Dow shalt not forget Bhopal: contending with capitalism at the 30th anniversary of the world's worst industrial disaster
Chandana Mathur (National University of Ireland, Maynooth)
Paper short abstract:
In order to situate the 1984 poisoning of the population of Bhopal, India, by Union Carbide Corporation (now merged with Dow Chemical) within an understanding of the history of capitalist transformation, this paper interrogates the usefulness of terms like 'globalisation' or 'neoliberalism'.
Paper long abstract:
Poisonous gases leaked from a Union Carbide pesticide plant in the city of Bhopal in India one night in December 1984, killing thousands immediately and leaving an estimated one hundred thousand people permanently disabled. The prolonged aftermath is frequently characterised as a second disaster -- a delayed and corrupt court settlement has brought grossly inadequate compensation to a small fraction of the survivors through a slow and tortuous claims process; Union Carbide Corporation has successfully managed to evade liability through corporate shape-shifting after being bought out by Dow Chemical Company; adverse health effects and birth defects due to gas exposure continue to proliferate in Bhopal; dangerous contaminants still seep into the air, water and soil from the abandoned and festering Union Carbide factory. The transnational corporation is an emblematic institutional form of present-day capitalism. There are important systemic processes that have been opened up for view in the morphing of the Union Carbide Corporation into the Dow Chemical Company, and the consequent disavowal of responsibility for Bhopal by both entities. As Bhopal survivors have suffered from and struggled against the injustices heaped on them, the historical trajectory of the capitalist world order has seemingly tilted against them. This paper seeks to place the experience of Bhopal survivors within the intersecting force fields of local and global transformations of capital, and asks if neologisms such as globalisation or neoliberalism extend our understanding of this experience.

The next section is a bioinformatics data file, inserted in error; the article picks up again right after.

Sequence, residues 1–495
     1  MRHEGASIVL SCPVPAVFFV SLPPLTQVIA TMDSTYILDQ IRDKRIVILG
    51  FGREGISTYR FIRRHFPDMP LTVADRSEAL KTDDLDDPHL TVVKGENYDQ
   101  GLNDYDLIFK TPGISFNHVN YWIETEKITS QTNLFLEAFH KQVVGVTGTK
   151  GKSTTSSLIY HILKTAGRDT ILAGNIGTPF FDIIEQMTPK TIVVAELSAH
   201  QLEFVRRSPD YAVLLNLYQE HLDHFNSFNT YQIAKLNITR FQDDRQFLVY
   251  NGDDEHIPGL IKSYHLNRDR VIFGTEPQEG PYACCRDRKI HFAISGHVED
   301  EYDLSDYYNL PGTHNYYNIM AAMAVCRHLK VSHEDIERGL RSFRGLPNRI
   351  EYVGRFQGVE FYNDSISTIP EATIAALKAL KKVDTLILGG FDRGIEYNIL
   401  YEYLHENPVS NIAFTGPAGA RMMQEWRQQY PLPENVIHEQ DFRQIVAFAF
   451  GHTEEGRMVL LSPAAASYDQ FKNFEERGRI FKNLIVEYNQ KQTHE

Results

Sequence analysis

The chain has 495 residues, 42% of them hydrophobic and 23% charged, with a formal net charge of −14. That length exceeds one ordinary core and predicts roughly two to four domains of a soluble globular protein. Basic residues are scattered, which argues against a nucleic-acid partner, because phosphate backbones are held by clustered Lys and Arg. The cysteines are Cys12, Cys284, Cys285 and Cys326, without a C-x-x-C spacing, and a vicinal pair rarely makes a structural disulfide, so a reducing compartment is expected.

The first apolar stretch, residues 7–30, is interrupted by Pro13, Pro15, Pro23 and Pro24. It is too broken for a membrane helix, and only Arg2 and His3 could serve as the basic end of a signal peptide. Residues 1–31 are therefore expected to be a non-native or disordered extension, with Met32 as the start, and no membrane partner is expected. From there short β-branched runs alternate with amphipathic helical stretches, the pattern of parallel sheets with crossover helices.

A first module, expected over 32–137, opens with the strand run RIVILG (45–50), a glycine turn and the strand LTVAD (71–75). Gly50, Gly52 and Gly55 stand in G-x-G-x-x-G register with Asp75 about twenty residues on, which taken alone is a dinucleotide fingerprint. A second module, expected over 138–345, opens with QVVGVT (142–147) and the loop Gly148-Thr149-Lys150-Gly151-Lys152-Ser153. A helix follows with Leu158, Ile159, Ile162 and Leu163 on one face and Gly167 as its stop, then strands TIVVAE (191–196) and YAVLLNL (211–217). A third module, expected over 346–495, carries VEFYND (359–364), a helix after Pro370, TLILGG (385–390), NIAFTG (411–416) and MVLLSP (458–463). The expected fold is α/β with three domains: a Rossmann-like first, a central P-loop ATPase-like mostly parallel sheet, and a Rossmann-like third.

Reconsidering anthropologies of neoliberalism and globalization: historical conjuncture and narratives of rupture (Commission on Global Transformations and Marxian Anthropology)